Agent Orange status in Vietnam: Monsanto should financially help cleanup

U.S. Air Force planes flying a low altitude Agent Orange spraying mission

By Chuck Palazzo
Agent Orange Action Group

Investigative report on the supposed cleanup of Agent Orange from Vietnam’s busiest airport, with a plea to Monsanto and Dow Chemical to accept financial responsibility.

Da Nang International Airport

Agent Orange and the Removal of Dioxin: Status


Da Nang International Airport is the 3rd largest airport in Vietnam.  Over 1 million passengers travel through the airport annually.  This number is expected to rise to over 4 million passengers by 2020.  In anticipation of this growth, there is a major project underway to expand the runways as well as the construction of a new international terminal.  After the project is complete, the airport will have a total capacity of 6 million passengers per year.

During the Vietnam War, the facility was known as Da Nang Air Base.  This was a major United States military base.  Da Nang became the world’s busiest airport in the single runway category.  In the mid-1960’s, 1,500 landings and takeoffs were recorded on peak days.  When a second runway was added in 1966, Da Nang rivaled Tan Son Nhut as the world’s busiest airport.  By 1968 an average month saw the number of takeoffs and landings of fixed-wing aircraft exceeding 55,000.  With helicopter activities added, this figure approached 67,000.

Agent Orange

Agent Orange is the code name for one of the herbicides and defoliants used by the U.S. military as part of its herbicidal warfare program, Operation Ranch Hand, during the Vietnam War from 1961 to 1971.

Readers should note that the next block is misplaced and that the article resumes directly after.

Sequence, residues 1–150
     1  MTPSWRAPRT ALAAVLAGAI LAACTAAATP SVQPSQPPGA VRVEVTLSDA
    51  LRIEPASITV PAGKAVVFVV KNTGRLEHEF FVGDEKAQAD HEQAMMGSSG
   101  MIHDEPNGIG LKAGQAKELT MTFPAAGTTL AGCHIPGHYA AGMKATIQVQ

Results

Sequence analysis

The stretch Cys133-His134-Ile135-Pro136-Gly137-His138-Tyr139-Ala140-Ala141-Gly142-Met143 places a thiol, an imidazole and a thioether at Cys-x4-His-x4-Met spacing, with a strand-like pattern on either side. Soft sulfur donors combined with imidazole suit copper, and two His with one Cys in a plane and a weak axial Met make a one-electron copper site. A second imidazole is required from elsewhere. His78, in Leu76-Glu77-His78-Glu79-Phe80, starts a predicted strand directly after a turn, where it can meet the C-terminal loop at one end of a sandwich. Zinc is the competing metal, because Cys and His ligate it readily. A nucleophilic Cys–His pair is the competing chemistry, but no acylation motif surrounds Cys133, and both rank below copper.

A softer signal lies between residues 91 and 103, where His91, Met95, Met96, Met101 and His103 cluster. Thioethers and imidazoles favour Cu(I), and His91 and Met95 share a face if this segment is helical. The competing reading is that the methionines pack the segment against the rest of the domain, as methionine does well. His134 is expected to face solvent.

A 50:50 mixture of 2,4,5-T and 2,4-D, it was manufactured for the U.S. Department of Defense primarily by Monsanto Corporation and Dow Chemical. The herbicides used to produce Agent Orange were later discovered to be contaminated with 2,3,7,8-Tetrachlorodibenzodioxin (TCDD), an extremely toxic dioxin. Because of the large military demand for Agent Orange, the manufacturing processes were accelerated, resulting in higher levels of dioxin contamination than in the 2,4,5-T produced for civilian applications. It was given its name from the color of the orange-striped 55 US gallon (200 L) barrels in which it was shipped, and was by far the most widely used of the so-called “Rainbow Herbicides”.

Between 1962 and 1971, the United States military sprayed 20 million US gallons (80,000,000 L) of chemical herbicides and defoliants in Vietnam, eastern Laos and parts of Cambodia, as part of Operation Ranch Hand. The program’s goal was to defoliate forested and rural land, depriving the Viet Cong and North Vietnamese Army of cover; another goal was to induce forced draft urbanization, destroying the ability of peasants to support themselves in the countryside, and forcing them to flee to the U.S. dominated cities, thus depriving the north of their rural support base and food supply.